ATAL SETHU: The late Manohar Parrikar dream of a final landmark memorial bridge was made a mockery by contractor Venkaiah Rao to whom Larsen & Toubro had sub-contracted the work.

By Rajan Narayan

AND a few stray thoughts for yet another Saturday. For a Saturday following the week when Town & Country Planning Minister Vishwajit Rane has decided to scrap the regional plan altogether. For a Saturday following the week when tenders have been issued for twin towers on the Zuari Bridge which will be revolving restaurants amongst other tourist things. For a Saturday following the week when it was revealed that Goa University does not rank within even the first hundred top universities in the country. For a Saturday following the week when an even greater polluter than plastic bottles are the caps of various plastic and metal containers. For a Saturday following the week when schools have started again and schoolchildren will have to bear the worst of the expected flooding during the monsoon season on its way.
AND a few stray thoughts on the Town & Country Planning Minister Vishwajit Rane who had decided to scrap the regional plan altogether. Vishwajit Rane is ten times worse than Panaji MLA Atanasio Babush Monserrate who formulated the notorious Regional Plan 2011. It may be recalled that after the Goa Bachao Abhiyan agitation the 2011 Regional Plan was scrapped. A new regional plan under the leadership of Dr Edgar Rebello, former chief town planner of the country, was formulated. Unfortunately, it was not notified since there were claims that the government had changed it. The Digambar Kamat government had provided for mini-industrial estates in every taluka and this was opposed by Goan environmentalists. The a first regional plan was formulated in 2001 by Edgar Rebello. The primary objective of a regional plan is to decide a just division of land for industrial, commercial, agricultural, residential development.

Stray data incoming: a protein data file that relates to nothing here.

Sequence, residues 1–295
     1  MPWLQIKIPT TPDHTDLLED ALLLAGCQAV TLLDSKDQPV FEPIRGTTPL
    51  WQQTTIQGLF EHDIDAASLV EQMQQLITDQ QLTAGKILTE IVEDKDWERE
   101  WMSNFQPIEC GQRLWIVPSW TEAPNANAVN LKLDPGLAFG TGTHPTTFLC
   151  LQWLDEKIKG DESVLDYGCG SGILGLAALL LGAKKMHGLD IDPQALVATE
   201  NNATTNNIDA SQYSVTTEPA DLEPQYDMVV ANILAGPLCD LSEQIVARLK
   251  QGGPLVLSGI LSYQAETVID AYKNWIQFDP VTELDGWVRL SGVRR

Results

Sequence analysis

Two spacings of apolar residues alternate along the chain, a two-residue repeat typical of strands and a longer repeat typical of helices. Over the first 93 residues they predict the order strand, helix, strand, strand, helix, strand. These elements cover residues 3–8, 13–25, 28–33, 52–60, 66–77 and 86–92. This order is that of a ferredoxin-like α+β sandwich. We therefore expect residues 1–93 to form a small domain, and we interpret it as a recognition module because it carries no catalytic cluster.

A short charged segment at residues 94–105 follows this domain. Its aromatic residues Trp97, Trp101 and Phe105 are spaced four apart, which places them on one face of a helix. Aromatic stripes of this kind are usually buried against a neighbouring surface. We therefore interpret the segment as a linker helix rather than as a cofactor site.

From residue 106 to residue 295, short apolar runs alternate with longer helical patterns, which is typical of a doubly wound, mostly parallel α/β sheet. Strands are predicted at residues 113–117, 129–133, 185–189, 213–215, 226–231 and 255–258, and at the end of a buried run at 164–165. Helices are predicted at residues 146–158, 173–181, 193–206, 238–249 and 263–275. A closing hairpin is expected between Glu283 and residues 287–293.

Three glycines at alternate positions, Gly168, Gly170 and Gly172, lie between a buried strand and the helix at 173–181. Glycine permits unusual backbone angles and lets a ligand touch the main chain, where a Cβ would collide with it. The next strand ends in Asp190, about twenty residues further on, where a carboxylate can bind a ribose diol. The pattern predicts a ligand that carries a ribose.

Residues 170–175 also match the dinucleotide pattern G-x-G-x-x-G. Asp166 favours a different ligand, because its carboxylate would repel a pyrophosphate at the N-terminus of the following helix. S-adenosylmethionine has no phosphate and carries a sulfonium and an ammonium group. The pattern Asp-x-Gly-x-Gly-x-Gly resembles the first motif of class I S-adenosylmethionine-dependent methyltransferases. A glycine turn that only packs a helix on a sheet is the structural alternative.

The Town & Country planning department is authorized to permit conversion of agricultural and forest land to settlement or commercial zones. In the last two decades large portions of agricultural and forest lands have been converted into concrete jungles. Vishwajit Rane has sabotaged the regional plan by making it easier for converting farm land into settlement. It is suspected that the series of fires which broke out about three months ago were deliberate acts to facilitate conversion of land. Everyone wants a house with a view. Every village in Goa has one or two thickly forested hillocks called dongor (hills). No construction may be carried out here on hills because they’re densely forested. However, the majority of the fires which broke out were on the forested hillsides.
Then the owners of the land there could claim that their land is barren and ask for conversion for commercial purposes. The most shocking new development is that Rane has decided to abandoned regional plans altogether. I presume Rane will be a one-man Town & Country Planning Board and decide what land may be converted or may not be converted himself.

AND a few stray thoughts on tenders which have been issued for the construction of twin towers on the Zuari Bridge – these will double as watch towers and revolving restaurants. In keeping with the Modi government’s obsession with building grand showpieces, tenders have been issued for the proposed 120-ft towers on the new bridge. The revolving restaurants will be high up on the top of course. The government may also try to commercialize the towers by permitting malls and other commercial establishments.